Having been back from New Orleans for a while now, I have had plenty of time for that experience to sink in. As always, the amazing city of colorful people did not disappoint. First, the music was life-changing. Music often is, but for some reason, this weekend particularly moved me, musically and otherwise.
Living in a mainstream mecca may be part of it, but I declare that most of the energy I picked up on was true, raw, inspirational grit coming from the likes of local musicians and people that have been both directly and indirectly affected by Katrina. Add to it the political backdrop created by Katrina coupled with the war we fight overseas, and you have the awake and conscious contingent of this country taking notice. But mostly, there is the music.
The highlights, for me, were the Old Point Bar in Algiers (where parts of the movie Ray were filmed) on Friday night and Anders Osborne on Saturday night. Old Point Bar featured many local musicians, including Anders, as well as some good eats, provided by the Zu Zoo man. Anders played at this classic N’awlins bar called d.b.a., full of old, dark, mahogany wood and 1940’s era handblown wall sconces. Dark, but inviting. The lighting, however, didn’t matter much, as the hard rains shut the power down several times throughout the evening. A heavy situation, considering this was the first weekend of the first Jazz Fest since Katrina. The crowd banned together in silence, and the musicians kept playing, unplugged. This was a high time, for sure, and was especially symbolic of many things all at once; the power of music and people coming together in the face of darkness. And it, simply, rocked.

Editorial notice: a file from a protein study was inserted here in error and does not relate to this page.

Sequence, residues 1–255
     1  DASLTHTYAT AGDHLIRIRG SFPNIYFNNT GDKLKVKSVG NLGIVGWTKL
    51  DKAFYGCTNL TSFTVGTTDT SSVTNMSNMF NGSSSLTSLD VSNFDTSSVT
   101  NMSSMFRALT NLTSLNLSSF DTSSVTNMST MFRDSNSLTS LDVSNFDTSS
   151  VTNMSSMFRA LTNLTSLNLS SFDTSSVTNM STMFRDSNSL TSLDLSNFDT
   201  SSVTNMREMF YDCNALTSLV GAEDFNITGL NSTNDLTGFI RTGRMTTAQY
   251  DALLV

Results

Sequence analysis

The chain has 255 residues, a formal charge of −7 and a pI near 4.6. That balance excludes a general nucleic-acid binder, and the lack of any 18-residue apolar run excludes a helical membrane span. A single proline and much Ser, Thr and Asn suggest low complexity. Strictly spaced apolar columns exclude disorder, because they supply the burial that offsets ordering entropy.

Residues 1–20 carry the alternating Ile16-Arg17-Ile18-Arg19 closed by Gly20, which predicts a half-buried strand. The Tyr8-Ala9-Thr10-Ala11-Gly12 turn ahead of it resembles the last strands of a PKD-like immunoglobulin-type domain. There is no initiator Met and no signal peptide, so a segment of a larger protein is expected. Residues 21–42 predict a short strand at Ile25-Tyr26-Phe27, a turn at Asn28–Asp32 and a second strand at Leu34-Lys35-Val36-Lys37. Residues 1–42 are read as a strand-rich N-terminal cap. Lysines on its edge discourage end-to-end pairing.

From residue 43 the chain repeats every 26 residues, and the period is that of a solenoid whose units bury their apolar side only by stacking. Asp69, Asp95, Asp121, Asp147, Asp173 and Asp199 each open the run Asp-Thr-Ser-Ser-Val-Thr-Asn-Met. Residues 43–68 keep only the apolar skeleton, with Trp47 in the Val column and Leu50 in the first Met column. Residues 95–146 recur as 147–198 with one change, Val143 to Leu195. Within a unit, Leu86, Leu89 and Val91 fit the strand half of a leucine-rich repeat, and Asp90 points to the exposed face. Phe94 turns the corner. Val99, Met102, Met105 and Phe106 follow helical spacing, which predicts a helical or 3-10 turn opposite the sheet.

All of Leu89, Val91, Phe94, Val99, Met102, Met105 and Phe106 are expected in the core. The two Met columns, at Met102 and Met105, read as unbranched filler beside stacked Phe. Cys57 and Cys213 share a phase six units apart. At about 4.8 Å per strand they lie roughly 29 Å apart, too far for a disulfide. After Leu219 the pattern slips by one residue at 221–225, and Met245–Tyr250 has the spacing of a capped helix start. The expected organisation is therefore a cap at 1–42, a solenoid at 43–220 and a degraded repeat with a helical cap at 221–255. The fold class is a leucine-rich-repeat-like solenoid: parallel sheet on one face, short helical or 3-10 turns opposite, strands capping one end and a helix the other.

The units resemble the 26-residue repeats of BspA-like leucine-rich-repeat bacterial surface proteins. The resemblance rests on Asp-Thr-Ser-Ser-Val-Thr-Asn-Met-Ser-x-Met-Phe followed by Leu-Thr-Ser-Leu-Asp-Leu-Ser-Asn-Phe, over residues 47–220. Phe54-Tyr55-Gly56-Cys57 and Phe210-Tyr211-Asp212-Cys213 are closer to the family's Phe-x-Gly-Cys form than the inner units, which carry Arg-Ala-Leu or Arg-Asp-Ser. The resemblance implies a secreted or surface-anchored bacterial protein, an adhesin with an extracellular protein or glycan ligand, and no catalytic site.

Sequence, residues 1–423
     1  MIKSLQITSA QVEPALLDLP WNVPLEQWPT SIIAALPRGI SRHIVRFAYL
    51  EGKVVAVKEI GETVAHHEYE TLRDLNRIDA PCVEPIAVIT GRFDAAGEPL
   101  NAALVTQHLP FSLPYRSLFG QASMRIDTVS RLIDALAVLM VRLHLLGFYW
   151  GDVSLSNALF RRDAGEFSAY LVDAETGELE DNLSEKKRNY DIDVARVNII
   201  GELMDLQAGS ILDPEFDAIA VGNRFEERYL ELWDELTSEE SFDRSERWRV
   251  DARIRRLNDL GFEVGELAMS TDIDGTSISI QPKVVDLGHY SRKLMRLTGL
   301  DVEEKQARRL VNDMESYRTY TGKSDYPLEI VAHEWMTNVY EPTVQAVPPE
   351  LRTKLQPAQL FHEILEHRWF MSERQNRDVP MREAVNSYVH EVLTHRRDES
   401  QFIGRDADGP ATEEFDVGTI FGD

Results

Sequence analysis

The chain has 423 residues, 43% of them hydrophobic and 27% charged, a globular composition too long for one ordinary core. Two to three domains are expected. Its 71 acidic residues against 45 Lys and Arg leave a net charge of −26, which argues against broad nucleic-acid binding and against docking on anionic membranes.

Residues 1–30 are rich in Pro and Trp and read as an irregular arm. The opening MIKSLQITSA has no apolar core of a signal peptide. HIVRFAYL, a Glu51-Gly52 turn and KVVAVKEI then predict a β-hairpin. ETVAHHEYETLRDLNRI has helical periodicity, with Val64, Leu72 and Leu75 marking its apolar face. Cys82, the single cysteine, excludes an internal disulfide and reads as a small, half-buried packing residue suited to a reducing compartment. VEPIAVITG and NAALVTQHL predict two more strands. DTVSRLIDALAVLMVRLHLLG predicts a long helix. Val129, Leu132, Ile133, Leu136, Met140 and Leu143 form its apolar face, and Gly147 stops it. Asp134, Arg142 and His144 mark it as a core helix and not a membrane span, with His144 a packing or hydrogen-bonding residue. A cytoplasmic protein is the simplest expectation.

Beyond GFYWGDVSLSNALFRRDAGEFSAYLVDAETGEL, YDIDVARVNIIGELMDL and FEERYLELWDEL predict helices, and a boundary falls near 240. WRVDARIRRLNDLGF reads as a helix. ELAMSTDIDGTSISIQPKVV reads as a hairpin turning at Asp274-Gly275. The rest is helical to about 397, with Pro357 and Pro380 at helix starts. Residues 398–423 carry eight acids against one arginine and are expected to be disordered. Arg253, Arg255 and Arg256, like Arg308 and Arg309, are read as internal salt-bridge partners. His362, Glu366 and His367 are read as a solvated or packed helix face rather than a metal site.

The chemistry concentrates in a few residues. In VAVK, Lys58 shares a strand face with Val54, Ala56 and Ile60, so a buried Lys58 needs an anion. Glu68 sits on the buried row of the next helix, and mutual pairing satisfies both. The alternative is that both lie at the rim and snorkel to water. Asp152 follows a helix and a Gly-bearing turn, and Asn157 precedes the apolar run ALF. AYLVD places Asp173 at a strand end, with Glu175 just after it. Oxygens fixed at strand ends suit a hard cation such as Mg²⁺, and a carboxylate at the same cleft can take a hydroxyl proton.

It would be irresponsible of me if I failed to mention Bruce Springsteen’s live debut of his new and completely impressive album, “We Shall Overcome – The Seeger Sessions”. Sunday afternoon at the fairgrounds, Bruce and band played songs from this album as planes flew overhead with anti-Bush messages. I would have liked to get closer, but the packed crowd and festivities of Friday and Saturday night combined with the N’awlin’s heat wouldn’t allow such a thing. It was, however, an amazing show. Long live The Boss.
In the midst of all of the music were the people of New Orleans, still learning to absorb the wrath of Katrina, and open and eager to tell their stories. It seems everyone wonders, still, what will be rebuilt, and when. And to see the ruins of an already depressed area is an intense sight. Still, the spirit of New Orleans is intact, and I believe it always will be. To heed the message of Mother Nature and the changing of our beloved planet would be the best first step in moving forward, but it seems that conversation is a ways off. Rebuild, I say, but consider the place and sustainibility, and pave the way for us all.
Click for a little fest flavor.
YES! I have been dying to read your commentary! Nice report! The AIA has been (relatively) involved in the planning of the resurrection, but one must consider the political potency of such an understated (and sometimes snobbish) organization. The recent AIA mag, Architectural Record, just published the results of a student contest for the ideal city plan. My copy is resting peacefully on my desk at work on this Sunday evening, so I can’t quote verbatim, however I do recall some designs as particularly thought-provoking and sustainably progressive. I will reference tomorrow and a more educated response shall follow! Thank you for sharing your experience.
Seems to me that people don’t have enough money there to have sustainability as one of their priorities for rebuilding their houses. Is it something that is a priviledge of the more financially comfortable?
In fact, Mag, NOLA has become the very template and example for the rest of us to learn from. Some of the most affordable AND sustainable blueprints are being created there as we speak.
It is a common misconception that green costs more. In some ways, that is correct, but truly, it is about building things like we USED to, prior to HVAC and modern comforts because we were forced to work with the natural elements of our surroundings. I could write about this all day long, but if you’re interested, see more at Global Green, a huge player in the sustainability/built environment and leader in NOLA for this exact work.